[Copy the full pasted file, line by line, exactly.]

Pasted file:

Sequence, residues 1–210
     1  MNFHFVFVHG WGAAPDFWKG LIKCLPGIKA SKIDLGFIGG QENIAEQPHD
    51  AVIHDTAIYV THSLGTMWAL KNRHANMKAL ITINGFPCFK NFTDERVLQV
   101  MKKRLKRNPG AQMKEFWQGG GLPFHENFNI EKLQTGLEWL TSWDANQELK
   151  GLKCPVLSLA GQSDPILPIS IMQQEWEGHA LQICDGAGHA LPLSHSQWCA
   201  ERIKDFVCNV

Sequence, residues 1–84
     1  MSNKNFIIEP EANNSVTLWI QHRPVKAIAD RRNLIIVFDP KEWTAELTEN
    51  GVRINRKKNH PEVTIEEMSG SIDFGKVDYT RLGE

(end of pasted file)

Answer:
Sequence, residues 1–210
     1  MNFHFVFVHG WGAAPDFWKG LIKCLPGIKA SKIDLGFIGG QENIAEQPHD
    51  AVIHDTAIYV THSLGTMWAL KNRHANMKAL ITINGFPCFK NFTDERVLQV
   101  MKKRLKRNPG AQMKEFWQGG GLPFHENFNI EKLQTGLEWL TSWDANQELK
   151  GLKCPVLSLA GQSDPILPIS IMQQEWEGHA LQICDGAGHA LPLSHSQWCA
   201  ERIKDFVCNV

Sequence, residues 1–84
     1  MSNKNFIIEP EANNSVTLWI QHRPVKAIAD RRNLIIVFDP KEWTAELTEN
    51  GVRINRKKNH PEVTIEEMSG SIDFGKVDYT RLGE